Eric Liddell, Olympic champion and missionary to China, was made famous by the movie Chariots of Fire (which won the Academy Award for Best Picture in 1982). A central feature of the movie was Liddell’s conviction about the Sabbath which prohibited him from running on Sunday.
Over the summer, I read a new Liddell biography which focused on his post-Olympic missionary service in China. Liddell was eventually interred during World War II, in a prison camp run by the Japanese Army. The internees were allowed to organize schools and other activities for children and youth – to create some semblance of normalcy and focus their energies on productive activities.
Liddell assumed responsibility for the camp sports programs. Following his conviction, he locked up the equipment on Saturday night and left it there until Monday morning. After two years of captivity, a handful of older boys bored with the humdrum of camp life, broke into the shed and started a field hockey game. Without referees or supervision, it degenerated into a melee resulting in bruises and black eyes.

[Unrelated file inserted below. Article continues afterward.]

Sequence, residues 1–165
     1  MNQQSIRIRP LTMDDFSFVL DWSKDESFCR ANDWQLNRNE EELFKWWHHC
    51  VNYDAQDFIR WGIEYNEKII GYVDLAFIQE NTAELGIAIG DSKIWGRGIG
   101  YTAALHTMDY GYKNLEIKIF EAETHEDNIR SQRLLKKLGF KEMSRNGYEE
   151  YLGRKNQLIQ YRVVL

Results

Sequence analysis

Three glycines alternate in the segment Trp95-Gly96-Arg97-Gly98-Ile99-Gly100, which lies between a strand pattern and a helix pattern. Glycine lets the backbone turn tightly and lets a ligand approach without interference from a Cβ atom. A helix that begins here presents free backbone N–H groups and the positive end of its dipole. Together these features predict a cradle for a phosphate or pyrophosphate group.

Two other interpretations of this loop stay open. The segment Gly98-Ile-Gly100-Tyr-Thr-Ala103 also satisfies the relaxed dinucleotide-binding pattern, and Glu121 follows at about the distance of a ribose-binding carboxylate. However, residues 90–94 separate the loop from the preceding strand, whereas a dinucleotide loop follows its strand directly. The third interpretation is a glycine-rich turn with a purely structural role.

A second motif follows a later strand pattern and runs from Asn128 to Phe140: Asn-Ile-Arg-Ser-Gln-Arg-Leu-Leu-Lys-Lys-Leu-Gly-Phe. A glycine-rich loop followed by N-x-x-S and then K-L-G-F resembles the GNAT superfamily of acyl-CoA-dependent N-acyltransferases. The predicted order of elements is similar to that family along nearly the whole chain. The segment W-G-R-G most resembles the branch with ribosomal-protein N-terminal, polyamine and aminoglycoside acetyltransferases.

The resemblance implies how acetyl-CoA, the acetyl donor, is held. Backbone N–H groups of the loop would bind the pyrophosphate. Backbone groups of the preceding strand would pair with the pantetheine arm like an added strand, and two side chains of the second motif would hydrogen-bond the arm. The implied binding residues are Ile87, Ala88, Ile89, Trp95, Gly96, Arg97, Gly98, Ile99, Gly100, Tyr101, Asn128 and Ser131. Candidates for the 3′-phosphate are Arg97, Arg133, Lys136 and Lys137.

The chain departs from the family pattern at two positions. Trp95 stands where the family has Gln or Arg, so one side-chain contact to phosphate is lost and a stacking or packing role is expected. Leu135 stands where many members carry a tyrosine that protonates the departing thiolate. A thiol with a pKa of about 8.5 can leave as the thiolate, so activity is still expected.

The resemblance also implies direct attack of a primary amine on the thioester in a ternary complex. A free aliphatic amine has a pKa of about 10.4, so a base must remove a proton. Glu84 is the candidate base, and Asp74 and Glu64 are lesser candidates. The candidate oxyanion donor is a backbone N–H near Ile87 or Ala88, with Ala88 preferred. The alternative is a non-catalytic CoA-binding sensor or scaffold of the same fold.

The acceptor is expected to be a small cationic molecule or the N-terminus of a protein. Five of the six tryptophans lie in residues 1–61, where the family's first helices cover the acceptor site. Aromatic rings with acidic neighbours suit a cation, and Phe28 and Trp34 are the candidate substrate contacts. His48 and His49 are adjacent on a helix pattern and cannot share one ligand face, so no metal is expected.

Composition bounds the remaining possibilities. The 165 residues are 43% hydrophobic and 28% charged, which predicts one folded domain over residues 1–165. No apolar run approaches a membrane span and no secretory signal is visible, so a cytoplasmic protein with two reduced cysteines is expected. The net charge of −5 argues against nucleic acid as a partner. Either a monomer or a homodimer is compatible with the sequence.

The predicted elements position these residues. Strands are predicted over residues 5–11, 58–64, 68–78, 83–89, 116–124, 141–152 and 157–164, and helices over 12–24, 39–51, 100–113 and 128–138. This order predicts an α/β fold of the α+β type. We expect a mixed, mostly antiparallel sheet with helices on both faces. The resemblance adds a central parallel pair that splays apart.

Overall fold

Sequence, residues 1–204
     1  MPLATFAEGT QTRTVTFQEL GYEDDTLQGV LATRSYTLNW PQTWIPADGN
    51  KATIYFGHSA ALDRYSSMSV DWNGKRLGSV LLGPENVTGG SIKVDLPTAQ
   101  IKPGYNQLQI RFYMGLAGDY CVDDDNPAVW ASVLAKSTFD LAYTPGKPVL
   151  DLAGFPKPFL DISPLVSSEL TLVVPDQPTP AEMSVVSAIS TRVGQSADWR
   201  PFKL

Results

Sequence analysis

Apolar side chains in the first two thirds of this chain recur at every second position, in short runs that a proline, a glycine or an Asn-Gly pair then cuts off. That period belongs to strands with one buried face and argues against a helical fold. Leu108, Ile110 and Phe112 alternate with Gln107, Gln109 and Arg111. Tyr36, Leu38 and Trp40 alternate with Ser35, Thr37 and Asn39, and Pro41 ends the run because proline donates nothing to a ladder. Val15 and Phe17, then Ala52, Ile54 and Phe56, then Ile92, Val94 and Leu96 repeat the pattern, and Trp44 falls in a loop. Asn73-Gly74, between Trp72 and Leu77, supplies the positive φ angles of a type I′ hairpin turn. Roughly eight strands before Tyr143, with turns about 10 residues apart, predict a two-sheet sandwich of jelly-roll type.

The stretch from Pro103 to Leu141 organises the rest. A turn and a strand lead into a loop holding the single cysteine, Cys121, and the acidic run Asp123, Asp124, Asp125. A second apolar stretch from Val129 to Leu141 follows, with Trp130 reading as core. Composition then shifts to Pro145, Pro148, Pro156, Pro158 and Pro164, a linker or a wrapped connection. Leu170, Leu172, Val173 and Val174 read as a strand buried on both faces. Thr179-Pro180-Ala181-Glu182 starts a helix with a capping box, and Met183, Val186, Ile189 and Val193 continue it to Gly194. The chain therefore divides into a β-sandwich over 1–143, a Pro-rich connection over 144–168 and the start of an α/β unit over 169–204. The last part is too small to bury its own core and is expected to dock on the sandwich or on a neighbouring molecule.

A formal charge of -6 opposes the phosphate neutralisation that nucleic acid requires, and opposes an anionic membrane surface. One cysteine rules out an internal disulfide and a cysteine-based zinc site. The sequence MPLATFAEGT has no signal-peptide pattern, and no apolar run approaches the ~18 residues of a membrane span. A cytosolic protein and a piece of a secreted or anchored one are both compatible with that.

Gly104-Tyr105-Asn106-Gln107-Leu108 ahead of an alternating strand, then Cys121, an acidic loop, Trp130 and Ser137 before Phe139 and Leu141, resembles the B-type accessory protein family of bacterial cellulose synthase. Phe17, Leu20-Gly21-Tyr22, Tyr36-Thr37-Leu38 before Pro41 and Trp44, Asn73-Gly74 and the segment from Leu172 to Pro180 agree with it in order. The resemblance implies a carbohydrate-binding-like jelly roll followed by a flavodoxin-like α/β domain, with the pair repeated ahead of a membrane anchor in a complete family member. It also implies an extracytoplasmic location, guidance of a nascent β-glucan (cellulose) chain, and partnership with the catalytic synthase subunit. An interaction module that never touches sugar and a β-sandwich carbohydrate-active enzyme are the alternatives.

Liddell was faced with a dilemma – how to manage young men in confined quarters experiencing the horrors of wartime imprisonment. After two days of re-consideration, he modified his position. He organized Sunday afternoon games, even serving as referee, as a means to provide structure for the players and distraction from their circumstances.
Reading of his decision surprised me – given the stand he took prior to the Olympics. He changed his mind to serve what he perceived was the greater good. Liddell modeled holding convictions, serious reflection, and service to others in making this difficult choice. He recognized that changing circumstances – including horrific suffering – mandated reconsideration of his position.
Be careful where you draw your unmovable lines. Yes, every believer must stand for core convictions that define our faith. But there are many other issues – about which we may feel strongly – which call for flexibility. It is possible to change your mind without being frivolous or weak-willed. May God give us courage to stand resolutely where we must and the grace to accommodate a variety of positions on other issues. May God also give us the humility to change our minds when faced with new information or circumstances.
Photograph from Eric Liddell Centre http://www.ericliddell.org/about-us/eric-liddell/photographs/